10,16,2021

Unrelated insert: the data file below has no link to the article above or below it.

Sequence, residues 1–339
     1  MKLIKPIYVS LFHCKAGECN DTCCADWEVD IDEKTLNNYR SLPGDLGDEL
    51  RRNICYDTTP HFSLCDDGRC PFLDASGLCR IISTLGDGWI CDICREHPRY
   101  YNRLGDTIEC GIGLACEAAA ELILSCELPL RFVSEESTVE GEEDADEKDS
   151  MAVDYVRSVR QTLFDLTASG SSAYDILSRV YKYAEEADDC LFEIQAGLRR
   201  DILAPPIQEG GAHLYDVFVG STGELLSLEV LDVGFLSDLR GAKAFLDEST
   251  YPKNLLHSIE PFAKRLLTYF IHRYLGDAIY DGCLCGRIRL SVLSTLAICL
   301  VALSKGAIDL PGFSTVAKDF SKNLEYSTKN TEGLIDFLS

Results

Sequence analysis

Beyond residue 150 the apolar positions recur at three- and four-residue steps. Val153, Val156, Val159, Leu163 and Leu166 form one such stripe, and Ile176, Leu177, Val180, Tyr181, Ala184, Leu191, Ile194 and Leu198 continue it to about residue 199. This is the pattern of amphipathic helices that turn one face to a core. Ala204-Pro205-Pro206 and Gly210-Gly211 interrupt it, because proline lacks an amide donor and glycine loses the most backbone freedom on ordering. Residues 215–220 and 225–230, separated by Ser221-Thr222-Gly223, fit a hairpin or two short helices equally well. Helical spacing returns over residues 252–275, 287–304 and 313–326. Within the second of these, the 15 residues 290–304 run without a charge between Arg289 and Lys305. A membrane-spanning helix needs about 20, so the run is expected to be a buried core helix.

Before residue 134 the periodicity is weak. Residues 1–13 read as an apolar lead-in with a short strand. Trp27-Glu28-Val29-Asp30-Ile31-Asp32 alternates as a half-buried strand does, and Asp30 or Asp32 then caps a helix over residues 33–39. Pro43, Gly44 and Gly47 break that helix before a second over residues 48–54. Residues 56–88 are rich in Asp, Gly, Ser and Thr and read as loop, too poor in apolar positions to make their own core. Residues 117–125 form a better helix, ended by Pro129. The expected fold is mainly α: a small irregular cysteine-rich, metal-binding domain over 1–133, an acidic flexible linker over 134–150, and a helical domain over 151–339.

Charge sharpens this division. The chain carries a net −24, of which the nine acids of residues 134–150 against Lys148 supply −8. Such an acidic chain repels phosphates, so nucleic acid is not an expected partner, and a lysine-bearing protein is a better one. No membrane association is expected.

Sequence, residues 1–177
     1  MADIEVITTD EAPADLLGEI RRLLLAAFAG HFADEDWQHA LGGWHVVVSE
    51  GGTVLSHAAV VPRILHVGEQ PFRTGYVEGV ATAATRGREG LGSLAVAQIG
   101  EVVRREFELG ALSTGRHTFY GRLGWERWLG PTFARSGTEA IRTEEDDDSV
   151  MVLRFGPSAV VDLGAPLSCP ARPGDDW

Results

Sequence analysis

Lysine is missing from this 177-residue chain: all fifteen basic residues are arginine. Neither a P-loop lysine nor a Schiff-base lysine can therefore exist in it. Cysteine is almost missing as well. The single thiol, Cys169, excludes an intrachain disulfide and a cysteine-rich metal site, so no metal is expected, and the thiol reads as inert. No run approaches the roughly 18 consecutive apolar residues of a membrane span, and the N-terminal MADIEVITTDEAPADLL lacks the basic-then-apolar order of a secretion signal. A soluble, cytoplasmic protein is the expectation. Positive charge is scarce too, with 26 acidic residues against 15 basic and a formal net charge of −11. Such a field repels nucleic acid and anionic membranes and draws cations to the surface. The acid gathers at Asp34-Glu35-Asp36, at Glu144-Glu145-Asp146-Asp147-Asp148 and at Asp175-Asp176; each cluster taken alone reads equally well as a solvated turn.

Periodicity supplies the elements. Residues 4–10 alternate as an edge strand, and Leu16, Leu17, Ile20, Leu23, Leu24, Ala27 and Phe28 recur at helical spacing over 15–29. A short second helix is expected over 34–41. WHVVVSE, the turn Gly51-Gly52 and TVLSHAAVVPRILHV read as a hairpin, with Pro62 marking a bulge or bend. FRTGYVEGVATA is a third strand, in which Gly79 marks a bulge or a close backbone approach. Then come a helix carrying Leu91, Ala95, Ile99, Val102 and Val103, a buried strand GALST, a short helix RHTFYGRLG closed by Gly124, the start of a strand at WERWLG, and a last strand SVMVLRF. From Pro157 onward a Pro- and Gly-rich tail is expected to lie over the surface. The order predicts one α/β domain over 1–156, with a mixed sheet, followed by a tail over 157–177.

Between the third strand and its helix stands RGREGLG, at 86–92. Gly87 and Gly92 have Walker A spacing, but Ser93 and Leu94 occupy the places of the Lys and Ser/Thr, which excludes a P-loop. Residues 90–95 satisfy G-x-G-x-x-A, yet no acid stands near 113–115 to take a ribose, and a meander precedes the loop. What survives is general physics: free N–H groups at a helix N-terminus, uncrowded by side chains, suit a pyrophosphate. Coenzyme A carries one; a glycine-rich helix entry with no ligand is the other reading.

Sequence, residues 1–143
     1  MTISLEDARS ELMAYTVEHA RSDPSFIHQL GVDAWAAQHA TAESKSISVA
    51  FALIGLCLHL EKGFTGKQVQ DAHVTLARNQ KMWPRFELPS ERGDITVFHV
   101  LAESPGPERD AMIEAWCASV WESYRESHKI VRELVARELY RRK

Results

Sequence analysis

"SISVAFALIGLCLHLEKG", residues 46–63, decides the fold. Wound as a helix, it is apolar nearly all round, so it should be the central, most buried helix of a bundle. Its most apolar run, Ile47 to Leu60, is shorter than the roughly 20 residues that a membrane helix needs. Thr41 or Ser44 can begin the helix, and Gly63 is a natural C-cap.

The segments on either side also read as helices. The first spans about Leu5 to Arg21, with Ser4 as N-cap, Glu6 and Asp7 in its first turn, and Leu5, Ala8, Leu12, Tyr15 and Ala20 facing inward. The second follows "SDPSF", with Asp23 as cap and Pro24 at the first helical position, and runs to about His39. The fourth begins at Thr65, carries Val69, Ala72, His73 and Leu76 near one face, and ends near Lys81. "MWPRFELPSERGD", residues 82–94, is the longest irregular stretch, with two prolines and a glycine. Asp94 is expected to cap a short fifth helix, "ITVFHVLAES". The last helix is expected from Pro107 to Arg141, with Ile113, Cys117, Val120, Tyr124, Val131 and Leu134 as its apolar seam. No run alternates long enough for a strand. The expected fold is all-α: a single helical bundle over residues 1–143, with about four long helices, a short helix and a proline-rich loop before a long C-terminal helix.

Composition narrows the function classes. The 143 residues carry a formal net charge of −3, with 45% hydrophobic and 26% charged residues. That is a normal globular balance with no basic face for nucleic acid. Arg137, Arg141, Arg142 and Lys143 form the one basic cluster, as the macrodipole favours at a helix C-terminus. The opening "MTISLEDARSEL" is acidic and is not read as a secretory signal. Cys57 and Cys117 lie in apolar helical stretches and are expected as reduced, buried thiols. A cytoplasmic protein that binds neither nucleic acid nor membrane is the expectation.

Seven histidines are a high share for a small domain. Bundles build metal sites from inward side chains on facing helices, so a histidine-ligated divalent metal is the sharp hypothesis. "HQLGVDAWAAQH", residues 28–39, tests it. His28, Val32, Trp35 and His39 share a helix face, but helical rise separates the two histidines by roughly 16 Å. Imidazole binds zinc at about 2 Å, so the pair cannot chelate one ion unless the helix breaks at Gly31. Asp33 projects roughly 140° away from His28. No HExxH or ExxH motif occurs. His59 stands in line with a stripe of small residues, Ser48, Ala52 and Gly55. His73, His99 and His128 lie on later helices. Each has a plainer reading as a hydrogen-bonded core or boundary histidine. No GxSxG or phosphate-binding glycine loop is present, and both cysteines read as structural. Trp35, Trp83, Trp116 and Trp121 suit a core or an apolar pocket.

Contextual Joint Factor Acoustic Embeddings2019-10-16   ${\displaystyle \cong }$ Embedding acoustic information into fixed length representations is of interest for a whole range of applications in speech and audio technology. We propose two novel unsupervised approaches to generate acoustic embeddings by modelling of acoustic context. The first approach is a contextual joint factor synthesis encoder, where the encoder in an encoder/decoder framework is trained to extract joint factors from surrounding audio frames to best generate the target output. The second approach is a contextual joint factor analysis encoder, where the encoder is trained to analyse joint factors from the source signal that correlates best with the neighbouring audio. To evaluate the effectiveness of our approaches compared to prior work, we chose two tasks - phone classification and speaker recognition - and test on different TIMIT data sets. Experimental results show that one of our proposed approaches outperforms phone classification baselines, yielding a classification accuracy of 74.1%. When using additional out-of-domain data for training, an additional 2-3% improvements can be obtained, for both for phone classification and speaker recognition tasks. Learning Problem-agnostic Speech Representations from Multiple Self-supervised Tasks2019-04-06   ${\displaystyle \cong }$ Learning good representations without supervision is still an open issue in machine learning, and is particularly challenging for speech signals, which are often characterized by long sequences with a complex hierarchical structure. Some recent works, however, have shown that it is possible to derive useful speech representations by employing a self-supervised encoder-discriminator approach. This paper proposes an improved self-supervised method, where a single neural encoder is followed by multiple workers that jointly solve different self-supervised tasks. The needed consensus across different tasks naturally imposes meaningful constraints to the encoder, contributing to discover general representations and to minimize the risk of learning superficial ones. Experiments show that the proposed approach can learn transferable, robust, and problem-agnostic features that carry on relevant information from the speech signal, such as speaker identity, phonemes, and even higher-level features such as emotional cues. In addition, a number of design choices make the encoder easily exportable, facilitating its direct usage or adaptation to different problems. Transfer Learning from Speaker Verification to Multispeaker Text-To-Speech Synthesis2019-01-02   ${\displaystyle \cong }$ We describe a neural network-based system for text-to-speech (TTS) synthesis that is able to generate speech audio in the voice of many different speakers, including those unseen during training. Our system consists of three independently trained components: (1) a speaker encoder network, trained on a speaker verification task using an independent dataset of noisy speech from thousands of speakers without transcripts, to generate a fixed-dimensional embedding vector from seconds of reference speech from a target speaker; (2) a sequence-to-sequence synthesis network based on Tacotron 2, which generates a mel spectrogram from text, conditioned on the speaker embedding; (3) an auto-regressive WaveNet-based vocoder that converts the mel spectrogram into a sequence of time domain waveform samples. We demonstrate that the proposed model is able to transfer the knowledge of speaker variability learned by the discriminatively-trained speaker encoder to the new task, and is able to synthesize natural speech from speakers that were not seen during training. We quantify the importance of training the speaker encoder on a large and diverse speaker set in order to obtain the best generalization performance. Finally, we show that randomly sampled speaker embeddings can be used to synthesize speech in the voice of novel speakers dissimilar from those used in training, indicating that the model has learned a high quality speaker representation. Adversarially Trained Autoencoders for Parallel-Data-Free Voice Conversion2019-05-09   ${\displaystyle \cong }$ We present a method for converting the voices between a set of speakers. Our method is based on training multiple autoencoder paths, where there is a single speaker-independent encoder and multiple speaker-dependent decoders. The autoencoders are trained with an addition of an adversarial loss which is provided by an auxiliary classifier in order to guide the output of the encoder to be speaker independent. The training of the model is unsupervised in the sense that it does not require collecting the same utterances from the speakers nor does it require time aligning over phonemes. Due to the use of a single encoder, our method can generalize to converting the voice of out-of-training speakers to speakers in the training dataset. We present subjective tests corroborating the performance of our method. Supervised Speaker Embedding De-Mixing in Two-Speaker Environment2020-01-14   ${\displaystyle \cong }$ In this work, a speaker embedding de-mixing approach is proposed. Instead of separating two-speaker signal in signal space like speech source separation, the proposed approach separates different speaker properties from two-speaker signal in embedding space. The proposed approach contains two steps. In step one, the clean speaker embeddings are learned and collected by a residual TDNN based network. In step two, the two-speaker signal and the embedding of one of the speakers are input to a speaker embedding de-mixing network. The de-mixing network is trained to generate the embedding of the other speaker of the by reconstruction loss. Speaker identification accuracy on the de-mixed speaker embeddings is used to evaluate the quality of the obtained embeddings. Experiments are done in two kind of data: artificial augmented two-speaker data (TIMIT) and real world recording of two-speaker data (MC-WSJ). Six diffident speaker embedding de-mixing architectures are investigated. Comparing with the speaker identification accuracy on the clean speaker embeddings (98.5%), the obtained results show that one of the speaker embedding de-mixing architectures obtain close performance, reaching 96.9% test accuracy on TIMIT when the SNR between the target speaker and interfering speaker is 5 dB. More surprisingly, we found choosing a simple subtraction as the embedding de-mixing function could obtain the second best performance, reaching 95.2% test accuracy. Frame-level speaker embeddings for text-independent speaker recognition and analysis of end-to-end model2018-09-12   ${\displaystyle \cong }$ In this paper, we propose a Convolutional Neural Network (CNN) based speaker recognition model for extracting robust speaker embeddings. The embedding can be extracted efficiently with linear activation in the embedding layer. To understand how the speaker recognition model operates with text-independent input, we modify the structure to extract frame-level speaker embeddings from each hidden layer. We feed utterances from the TIMIT dataset to the trained network and use several proxy tasks to study the networks ability to represent speech input and differentiate voice identity. We found that the networks are better at discriminating broad phonetic classes than individual phonemes. In particular, frame-level embeddings that belong to the same phonetic classes are similar (based on cosine distance) for the same speaker. The frame level representation also allows us to analyze the networks at the frame level, and has the potential for other analyses to improve speaker recognition. Machine translation considering context information using Encoder-Decoder model2019-03-30   ${\displaystyle \cong }$ In the task of machine translation, context information is one of the important factor. But considering the context information model dose not proposed. The paper propose a new model which can integrate context information and make translation. In this paper, we create a new model based Encoder Decoder model. When translating current sentence, the model integrates output from preceding encoder with current encoder. The model can consider context information and the result score is higher than existing model. Deep Factorization for Speech Signal2017-06-25   ${\displaystyle \cong }$ Speech signals are complex intermingling of various informative factors, and this information blending makes decoding any of the individual factors extremely difficult. A natural idea is to factorize each speech frame into independent factors, though it turns out to be even more difficult than decoding each individual factor. A major encumbrance is that the speaker trait, a major factor in speech signals, has been suspected to be a long-term distributional pattern and so not identifiable at the frame level. In this paper, we demonstrated that the speaker factor is also a short-time spectral pattern and can be largely identified with just a few frames using a simple deep neural network (DNN). This discovery motivated a cascade deep factorization (CDF) framework that infers speech factors in a sequential way, and factors previously inferred are used as conditional variables when inferring other factors. Our experiment on an automatic emotion recognition (AER) task demonstrated that this approach can effectively factorize speech signals, and using these factors, the original speech spectrum can be recovered with high accuracy. This factorization and reconstruction approach provides a novel tool for many speech processing tasks. CSTNet: Contrastive Speech Translation Network for Self-Supervised Speech Representation Learning2020-06-04   ${\displaystyle \cong }$ More than half of the 7,000 languages in the world are in imminent danger of going extinct. Traditional methods of documenting language proceed by collecting audio data followed by manual annotation by trained linguists at different levels of granularity. This time consuming and painstaking process could benefit from machine learning. Many endangered languages do not have any orthographic form but usually have speakers that are bi-lingual and trained in a high resource language. It is relatively easy to obtain textual translations corresponding to speech. In this work, we provide a multimodal machine learning framework for speech representation learning by exploiting the correlations between the two modalities namely speech and its corresponding text translation. Here, we construct a convolutional neural network audio encoder capable of extracting linguistic representations from speech. The audio encoder is trained to perform a speech-translation retrieval task in a contrastive learning framework. By evaluating the learned representations on a phone recognition task, we demonstrate that linguistic representations emerge in the audio encoder's internal representations as a by-product of learning to perform the retrieval task. U-vectors: Generating clusterable speaker embedding from unlabeled data2021-02-07   ${\displaystyle \cong }$ Speaker recognition deals with recognizing speakers by their speech. Strategies related to speaker recognition may explore speech timbre properties, accent, speech patterns and so on. Supervised speaker recognition has been dramatically investigated. However, through rigorous excavation, we have found that unsupervised speaker recognition systems mostly depend on domain adaptation policy. This paper introduces a speaker recognition strategy dealing with unlabeled data, which generates clusterable embedding vectors from small fixed-size speech frames. The unsupervised training strategy involves an assumption that a small speech segment should include a single speaker. Depending on such a belief, we construct pairwise constraints to train twin deep learning architectures with noise augmentation policies, that generate speaker embeddings. Without relying on domain adaption policy, the process unsupervisely produces clusterable speaker embeddings, and we name it unsupervised vectors (u-vectors). The evaluation is concluded in two popular speaker recognition datasets for English language, TIMIT, and LibriSpeech. Also, we include a Bengali dataset, Bengali ASR, to illustrate the diversity of the domain shifts for speaker recognition systems. Finally, we conclude that the proposed approach achieves remarkable performance using pairwise architectures. Multi-task self-supervised learning for Robust Speech Recognition2020-04-17   ${\displaystyle \cong }$ Despite the growing interest in unsupervised learning, extracting meaningful knowledge from unlabelled audio remains an open challenge. To take a step in this direction, we recently proposed a problem-agnostic speech encoder (PASE), that combines a convolutional encoder followed by multiple neural networks, called workers, tasked to solve self-supervised problems (i.e., ones that do not require manual annotations as ground truth). PASE was shown to capture relevant speech information, including speaker voice-print and phonemes. This paper proposes PASE+, an improved version of PASE for robust speech recognition in noisy and reverberant environments. To this end, we employ an online speech distortion module, that contaminates the input signals with a variety of random disturbances. We then propose a revised encoder that better learns short- and long-term speech dynamics with an efficient combination of recurrent and convolutional networks. Finally, we refine the set of workers used in self-supervision to encourage better cooperation. Results on TIMIT, DIRHA and CHiME-5 show that PASE+ significantly outperforms both the previous version of PASE as well as common acoustic features. Interestingly, PASE+ learns transferable representations suitable for highly mismatched acoustic conditions. TSTNN: Two-stage Transformer based Neural Network for Speech Enhancement in the Time Domain2021-03-17   ${\displaystyle \cong }$ In this paper, we propose a transformer-based architecture, called two-stage transformer neural network (TSTNN) for end-to-end speech denoising in the time domain. The proposed model is composed of an encoder, a two-stage transformer module (TSTM), a masking module and a decoder. The encoder maps input noisy speech into feature representation. The TSTM exploits four stacked two-stage transformer blocks to efficiently extract local and global information from the encoder output stage by stage. The masking module creates a mask which will be multiplied with the encoder output. Finally, the decoder uses the masked encoder feature to reconstruct the enhanced speech. Experimental results on the benchmark dataset show that the TSTNN outperforms most state-of-the-art models in time or frequency domain while having significantly lower model complexity. Bootstrapping User and Item Representations for One-Class Collaborative Filtering2021-05-13   ${\displaystyle \cong }$ The goal of one-class collaborative filtering (OCCF) is to identify the user-item pairs that are positively-related but have not been interacted yet, where only a small portion of positive user-item interactions (e.g., users' implicit feedback) are observed. For discriminative modeling between positive and negative interactions, most previous work relied on negative sampling to some extent, which refers to considering unobserved user-item pairs as negative, as actual negative ones are unknown. However, the negative sampling scheme has critical limitations because it may choose "positive but unobserved" pairs as negative. This paper proposes a novel OCCF framework, named as BUIR, which does not require negative sampling. To make the representations of positively-related users and items similar to each other while avoiding a collapsed solution, BUIR adopts two distinct encoder networks that learn from each other; the first encoder is trained to predict the output of the second encoder as its target, while the second encoder provides the consistent targets by slowly approximating the first encoder. In addition, BUIR effectively alleviates the data sparsity issue of OCCF, by applying stochastic data augmentation to encoder inputs. Based on the neighborhood information of users and items, BUIR randomly generates the augmented views of each positive interaction each time it encodes, then further trains the model by this self-supervision. Our extensive experiments demonstrate that BUIR consistently and significantly outperforms all baseline methods by a large margin especially for much sparse datasets in which any assumptions about negative interactions are less valid. Deep factorization for speech signal2018-02-27   ${\displaystyle \cong }$ Various informative factors mixed in speech signals, leading to great difficulty when decoding any of the factors. An intuitive idea is to factorize each speech frame into individual informative factors, though it turns out to be highly difficult. Recently, we found that speaker traits, which were assumed to be long-term distributional properties, are actually short-time patterns, and can be learned by a carefully designed deep neural network (DNN). This discovery motivated a cascade deep factorization (CDF) framework that will be presented in this paper. The proposed framework infers speech factors in a sequential way, where factors previously inferred are used as conditional variables when inferring other factors. We will show that this approach can effectively factorize speech signals, and using these factors, the original speech spectrum can be recovered with a high accuracy. This factorization and reconstruction approach provides potential values for many speech processing tasks, e.g., speaker recognition and emotion recognition, as will be demonstrated in the paper. Understanding and Improving Encoder Layer Fusion in Sequence-to-Sequence Learning2020-12-29   ${\displaystyle \cong }$ Encoder layer fusion (EncoderFusion) is a technique to fuse all the encoder layers (instead of the uppermost layer) for sequence-to-sequence (Seq2Seq) models, which has proven effective on various NLP tasks. However, it is still not entirely clear why and when EncoderFusion should work. In this paper, our main contribution is to take a step further in understanding EncoderFusion. Many of previous studies believe that the success of EncoderFusion comes from exploiting surface and syntactic information embedded in lower encoder layers. Unlike them, we find that the encoder embedding layer is more important than other intermediate encoder layers. In addition, the uppermost decoder layer consistently pays more attention to the encoder embedding layer across NLP tasks. Based on this observation, we propose a simple fusion method, SurfaceFusion, by fusing only the encoder embedding layer for the softmax layer. Experimental results show that SurfaceFusion outperforms EncoderFusion on several NLP benchmarks, including machine translation, text summarization, and grammatical error correction. It obtains the state-of-the-art performance on WMT16 Romanian-English and WMT14 English-French translation tasks. Extensive analyses reveal that SurfaceFusion learns more expressive bilingual word embeddings by building a closer relationship between relevant source and target embeddings. The source code will be released. Attention model for articulatory features detection2019-07-02   ${\displaystyle \cong }$ Articulatory distinctive features, as well as phonetic transcription, play important role in speech-related tasks: computer-assisted pronunciation training, text-to-speech conversion (TTS), studying speech production mechanisms, speech recognition for low-resourced languages. End-to-end approaches to speech-related tasks got a lot of traction in recent years. We apply Listen, Attend and Spell~(LAS)~\cite{Chan-LAS2016} architecture to phones recognition on a small small training set, like TIMIT~\cite{TIMIT-1992}. Also, we introduce a novel decoding technique that allows to train manners and places of articulation detectors end-to-end using attention models. We also explore joint phones recognition and articulatory features detection in multitask learning setting. ESAD: End-to-end Deep Semi-supervised Anomaly Detection2020-12-09   ${\displaystyle \cong }$ This paper explores semi-supervised anomaly detection, a more practical setting for anomaly detection where a small set of labeled outlier samples are provided in addition to a large amount of unlabeled data for training. Rethinking the optimization target of anomaly detection, we propose a new objective function that measures the KL-divergence between normal and anomalous data, and prove that two factors: the mutual information between the data and latent representations, and the entropy of latent representations, constitute an integral objective function for anomaly detection. To resolve the contradiction in simultaneously optimizing the two factors, we propose a novel encoder-decoder-encoder structure, with the first encoder focusing on optimizing the mutual information and the second encoder focusing on optimizing the entropy. The two encoders are enforced to share similar encoding with a consistent constraint on their latent representations. Extensive experiments have revealed that the proposed method significantly outperforms several state-of-the-arts on multiple benchmark datasets, including medical diagnosis and several classic anomaly detection benchmarks. Acoustic Neighbor Embeddings2020-07-20   ${\displaystyle \cong }$ This paper proposes a novel acoustic word embedding called Acoustic Neighbor Embeddings where speech or text of arbitrary length are mapped to a vector space of fixed, reduced dimensions by adapting stochastic neighbor embedding (SNE) to sequential inputs. The Euclidean distance between coordinates in the embedding space reflects the phonetic confusability between their corresponding sequences. Two encoder neural networks are trained: an acoustic encoder that accepts speech signals in the form of frame-wise subword posterior probabilities obtained from an acoustic model and a text encoder that accepts text in the form of subword transcriptions. Compared to a known method based on a triplet loss, the proposed method is shown to have more effective gradients for neural network training. Experimentally, it also gives more accurate results when the two encoder networks are used in tandem in a word (name) recognition task, and when the text encoder network is used standalone in an approximate phonetic match task. In particular, in a name recognition task depending solely on the Euclidean distance between embedding vectors, the proposed embeddings can achieve recognition accuracy that closely approaches that of conventional finite state transducer(FST)-based decoding. For test data with 1K vocabularies, the accuracy difference is 0.6% points using only 18-dimensional embeddings, and for test data with a 1M vocabulary, the difference is 0.4% points using 100-dimensional embeddings. A Deep Convolutional Auto-Encoder with Pooling - Unpooling Layers in Caffe2017-01-18   ${\displaystyle \cong }$ This paper presents the development of several models of a deep convolutional auto-encoder in the Caffe deep learning framework and their experimental evaluation on the example of MNIST dataset. We have created five models of a convolutional auto-encoder which differ architecturally by the presence or absence of pooling and unpooling layers in the auto-encoder's encoder and decoder parts. Our results show that the developed models provide very good results in dimensionality reduction and unsupervised clustering tasks, and small classification errors when we used the learned internal code as an input of a supervised linear classifier and multi-layer perceptron. The best results were provided by a model where the encoder part contains convolutional and pooling layers, followed by an analogous decoder part with deconvolution and unpooling layers without the use of switch variables in the decoder part. The paper also discusses practical details of the creation of a deep convolutional auto-encoder in the very popular Caffe deep learning framework. We believe that our approach and results presented in this paper could help other researchers to build efficient deep neural network architectures in the future. Leveraging End-to-End Speech Recognition with Neural Architecture Search2019-12-11   ${\displaystyle \cong }$ Deep neural networks (DNNs) have been demonstrated to outperform many traditional machine learning algorithms in Automatic Speech Recognition (ASR). In this paper, we show that a large improvement in the accuracy of deep speech models can be achieved with effective Neural Architecture Optimization at a very low computational cost. Phone recognition tests with the popular LibriSpeech and TIMIT benchmarks proved this fact by displaying the ability to discover and train novel candidate models within a few hours (less than a day) many times faster than the attention-based seq2seq models. Our method achieves test error of 7% Word Error Rate (WER) on the LibriSpeech corpus and 13% Phone Error Rate (PER) on the TIMIT corpus, on par with state-of-the-art results.